Chapter 3. narrates how Nebuchadnezzar, who was the first Gentile who was entrusted by the God of heaven with this supremacy, set, up an image of gold, and commanded universal worship on penalty of the burning fiery furnace to all those who should disobey. Herein he was a foreshadowing of the Antichrist. But God delivered His faithful servants from the fury of the fire, which so astonished the king that he commanded all nations to respect the God of Israel.


Nevertheless, his pride was not abased, in spite of Danielís counsel: so "there fell a voice from heaven, saying, 0 king ... to thee it is spoken; The kingdom is departed from thee. And they shall drive thee from men, and thy dwelling shall he with the beasts of the field ... until thou know that the most High ruleth in the kingdom of men, and giveth it to whomsoever He will" (Dan. 4: 31, 32).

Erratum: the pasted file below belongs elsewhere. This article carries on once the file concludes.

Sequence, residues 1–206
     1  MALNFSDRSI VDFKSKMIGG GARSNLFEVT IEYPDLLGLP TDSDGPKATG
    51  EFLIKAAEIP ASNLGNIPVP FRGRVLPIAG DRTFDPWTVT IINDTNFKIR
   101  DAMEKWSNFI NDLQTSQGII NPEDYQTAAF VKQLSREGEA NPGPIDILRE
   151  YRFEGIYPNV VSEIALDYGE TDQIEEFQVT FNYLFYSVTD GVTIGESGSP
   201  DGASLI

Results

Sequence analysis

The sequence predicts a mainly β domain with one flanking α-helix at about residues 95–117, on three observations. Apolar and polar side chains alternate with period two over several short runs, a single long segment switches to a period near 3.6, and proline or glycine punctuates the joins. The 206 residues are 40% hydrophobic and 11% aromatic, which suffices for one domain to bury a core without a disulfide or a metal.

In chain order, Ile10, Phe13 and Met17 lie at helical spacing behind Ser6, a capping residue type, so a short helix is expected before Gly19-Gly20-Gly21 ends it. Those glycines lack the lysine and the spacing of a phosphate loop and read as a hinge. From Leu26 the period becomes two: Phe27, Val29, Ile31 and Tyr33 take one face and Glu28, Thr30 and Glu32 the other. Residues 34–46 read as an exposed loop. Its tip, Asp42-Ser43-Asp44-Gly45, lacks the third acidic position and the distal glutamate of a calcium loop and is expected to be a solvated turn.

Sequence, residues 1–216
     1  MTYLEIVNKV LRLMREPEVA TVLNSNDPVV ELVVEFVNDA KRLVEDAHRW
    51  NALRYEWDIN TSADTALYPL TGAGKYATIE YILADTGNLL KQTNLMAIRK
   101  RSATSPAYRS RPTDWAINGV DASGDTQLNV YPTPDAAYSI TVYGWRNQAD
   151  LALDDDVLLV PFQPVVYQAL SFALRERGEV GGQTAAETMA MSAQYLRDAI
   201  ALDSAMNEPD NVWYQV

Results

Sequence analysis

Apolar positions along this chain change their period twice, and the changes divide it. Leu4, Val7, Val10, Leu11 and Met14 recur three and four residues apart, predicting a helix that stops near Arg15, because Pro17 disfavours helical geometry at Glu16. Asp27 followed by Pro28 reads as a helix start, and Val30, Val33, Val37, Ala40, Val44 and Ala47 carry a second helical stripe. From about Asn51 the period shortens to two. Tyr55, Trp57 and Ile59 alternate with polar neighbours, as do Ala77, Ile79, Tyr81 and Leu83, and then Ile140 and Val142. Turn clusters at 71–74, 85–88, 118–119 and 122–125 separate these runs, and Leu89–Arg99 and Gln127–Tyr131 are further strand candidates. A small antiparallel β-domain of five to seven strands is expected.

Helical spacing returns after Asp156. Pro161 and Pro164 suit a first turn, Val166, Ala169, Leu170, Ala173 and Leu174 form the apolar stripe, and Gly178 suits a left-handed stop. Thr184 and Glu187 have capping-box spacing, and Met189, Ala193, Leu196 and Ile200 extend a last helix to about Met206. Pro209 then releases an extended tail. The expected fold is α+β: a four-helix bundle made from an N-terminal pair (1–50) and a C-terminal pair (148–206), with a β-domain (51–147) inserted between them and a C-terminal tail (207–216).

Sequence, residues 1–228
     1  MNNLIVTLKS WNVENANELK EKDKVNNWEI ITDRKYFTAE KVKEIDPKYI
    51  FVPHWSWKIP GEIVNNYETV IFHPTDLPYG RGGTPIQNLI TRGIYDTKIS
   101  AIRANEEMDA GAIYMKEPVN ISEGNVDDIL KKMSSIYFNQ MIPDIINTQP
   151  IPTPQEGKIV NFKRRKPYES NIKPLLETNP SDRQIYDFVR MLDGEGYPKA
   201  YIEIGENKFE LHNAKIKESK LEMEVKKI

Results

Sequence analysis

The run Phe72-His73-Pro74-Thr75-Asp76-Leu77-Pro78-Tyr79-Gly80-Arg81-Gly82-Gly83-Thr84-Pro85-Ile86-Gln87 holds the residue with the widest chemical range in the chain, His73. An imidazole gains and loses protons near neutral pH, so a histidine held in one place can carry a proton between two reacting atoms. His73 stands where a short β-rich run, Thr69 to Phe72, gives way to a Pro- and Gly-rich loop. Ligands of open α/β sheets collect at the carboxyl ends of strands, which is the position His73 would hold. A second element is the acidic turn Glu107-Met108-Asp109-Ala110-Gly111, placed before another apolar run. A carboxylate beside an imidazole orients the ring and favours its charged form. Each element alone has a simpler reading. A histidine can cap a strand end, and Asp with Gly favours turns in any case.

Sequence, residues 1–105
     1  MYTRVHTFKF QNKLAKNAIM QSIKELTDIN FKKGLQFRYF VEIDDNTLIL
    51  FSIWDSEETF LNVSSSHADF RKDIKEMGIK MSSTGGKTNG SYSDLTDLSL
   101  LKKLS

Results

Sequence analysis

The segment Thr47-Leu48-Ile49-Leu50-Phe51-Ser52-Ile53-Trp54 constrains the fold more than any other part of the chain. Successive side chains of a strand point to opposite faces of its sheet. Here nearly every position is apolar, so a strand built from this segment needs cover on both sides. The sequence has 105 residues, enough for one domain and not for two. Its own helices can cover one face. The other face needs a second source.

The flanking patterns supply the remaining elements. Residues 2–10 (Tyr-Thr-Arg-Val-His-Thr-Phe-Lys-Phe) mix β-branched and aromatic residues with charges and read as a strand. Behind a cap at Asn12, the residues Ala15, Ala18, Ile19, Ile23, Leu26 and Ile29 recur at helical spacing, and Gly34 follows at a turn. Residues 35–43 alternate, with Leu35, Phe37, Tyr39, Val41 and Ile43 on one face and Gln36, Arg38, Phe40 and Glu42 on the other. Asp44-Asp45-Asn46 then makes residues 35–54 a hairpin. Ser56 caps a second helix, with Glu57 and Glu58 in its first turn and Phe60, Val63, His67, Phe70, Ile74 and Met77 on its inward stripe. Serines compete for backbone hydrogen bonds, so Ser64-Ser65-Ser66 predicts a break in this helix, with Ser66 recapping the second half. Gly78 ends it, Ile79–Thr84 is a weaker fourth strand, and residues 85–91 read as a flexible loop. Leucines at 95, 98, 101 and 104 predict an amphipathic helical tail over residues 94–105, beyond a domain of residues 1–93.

Belshazzar was another type of the Antichrist. "And thou ... hast not humbled thine heart, though thou knewest all this; but hast lifted up thyself against the Lord of heaven (Dan. 5: 22, 23). Thy kingdom is divided."


Darius, who succeeds him, demands that no prayer or petition be made to God or man for thirty days, save to himself, under penalty of death in the den of lions. On Danielís deliverance from the den of lions, Darius repents, and confesses the God of Daniel as the living God and steadfast for ever, and His kingdom that which shall not be destroyed, and His dominion shall be even unto the end. So Darius was permitted to continue in his kingdom.


Afterwards the character of the Gentile supremacy to the end was revealed to Daniel, culminating in the lawlessness of the Little Horn, who makes war with the saints and prevails against them. Here the Little Horn is identified with the Wild Beast of Revelation 13: 4-7; and in his doom - "his body destroyed, and given to the burning flame" (Dan. 7: 11) - he is identified with the Man of Sin, the Lawless One of 2 Thessalonians 2: 3-8, and the Wild Beast of Revelation 11: 30.